obviously, the japanese are learning decision making tactics from our president
posted by pyramid termite at 1:02 AM on April 29, 2005


Hee. I deal with first and second graders in a library on a regular basis. I use rock-paper-scissors quite often to settle disagreements over who gets which book this week. (100+ kids all discovered Magic Tree House books the same week, and the library only has 25.) The kids like it because it's hard to cheat; and I like it because the one who loses doesn't get mad at me for making the choice.
posted by jlkr at 3:40 AM on April 29, 2005


yeah, it must be nice to be that rich and get the two largest auction houses to bend completely to your will...
posted by gren at 3:45 AM on April 29, 2005


this reinstalls my respect for high art as a rational investment.
posted by Busithoth at 5:35 AM on April 29, 2005


The reasoning behind the making the decision behind the game is actually rather sound...if you understand Japanese business culture, and more subtly Japanese (and actually most Asian) culture(s). One of the fundimentals of most asian cultures is saving face, or saving and having honour. Given such a large business prospect is very honorable, and so anybody that is given the job gains a lot of prestige. And as the article stated, the client thought that both firms were very good and therefore could not make a decision between them. If he had decided to split it 50-50 both companies would be disgraced for not being good enough to get the whole contract, and just deciding one or another would show that one was better. Therefore the only way to show that both were equally qualified is to put it through something where both sides have an equal opportunity, and so the decision is no longer the client's, but instead a decision made by chance and how the opposing parties react. That way neither company would loose face for not getting the contract, and both would have the honour of being given the chance.

All in all, a very odd way to deal with large business decisions, but goodness does it make for good stories.
Satyagraha
posted by thebestsophist at 1:44 PM on April 29, 2005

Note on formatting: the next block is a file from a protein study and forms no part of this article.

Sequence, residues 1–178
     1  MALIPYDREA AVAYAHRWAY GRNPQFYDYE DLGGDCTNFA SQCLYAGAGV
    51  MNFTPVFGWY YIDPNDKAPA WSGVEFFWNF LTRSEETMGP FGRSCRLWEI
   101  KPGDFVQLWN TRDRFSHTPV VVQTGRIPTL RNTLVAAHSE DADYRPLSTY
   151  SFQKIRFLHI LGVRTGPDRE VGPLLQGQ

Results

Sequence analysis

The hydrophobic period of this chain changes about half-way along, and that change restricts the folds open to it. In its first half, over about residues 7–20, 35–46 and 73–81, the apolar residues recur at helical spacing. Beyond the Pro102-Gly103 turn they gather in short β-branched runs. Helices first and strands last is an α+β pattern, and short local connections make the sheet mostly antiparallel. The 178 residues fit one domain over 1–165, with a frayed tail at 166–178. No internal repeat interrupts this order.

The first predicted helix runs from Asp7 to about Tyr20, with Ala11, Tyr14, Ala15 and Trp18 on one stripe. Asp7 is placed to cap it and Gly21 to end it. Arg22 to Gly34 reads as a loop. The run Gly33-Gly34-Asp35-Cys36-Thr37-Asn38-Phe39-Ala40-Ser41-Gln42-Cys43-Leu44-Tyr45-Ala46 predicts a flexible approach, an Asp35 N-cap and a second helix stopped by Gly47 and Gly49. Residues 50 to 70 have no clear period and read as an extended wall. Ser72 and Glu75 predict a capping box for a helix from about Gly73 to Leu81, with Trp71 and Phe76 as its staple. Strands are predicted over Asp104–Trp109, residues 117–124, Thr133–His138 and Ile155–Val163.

I'm surprised an insider from one auction house wasnt tempted to smuggle information to the other side for, say, oh a cool $200,000

Who's to say it didn't. It's not exactly something that would have made the article.
posted by gummo at 1:45 PM on April 29, 2005


ps. being a fan of "Friends", I always pick like Joey. Fire. Fire beats everything.
posted by gummo at 1:45 PM on April 29, 2005


Yeah, I don't see what's irrational about this. I sometimes flip a coin when I really can't make a choice. The thing is, sometimes there really is not a better option. If both options are really equivalently deserving, then chance is the fairest way to move ahead. Accepting that not everything has a "right" answer is a good thing, I think. It's made decision-making easier for me to realize that sometimes it just doesn't matter.

If a friend & I are standing on a corner stuck with the "do you want to go here or there" thing, if both parties truly don't care, then flipping a coin makes sense. If the idea of flipping a coin doesn't seem sensible, then that reveals to you that you actually do have a preference, just one you were for some reason not acknowledging.
posted by mdn at 1:53 PM on April 29, 2005


ps. being a fan of "Friends", I always pick like Joey. Fire. Fire beats everything.

::Pshhhhh::

Water balloon beats fire.
posted by SeizeTheDay at 1:39 PM on April 30, 2005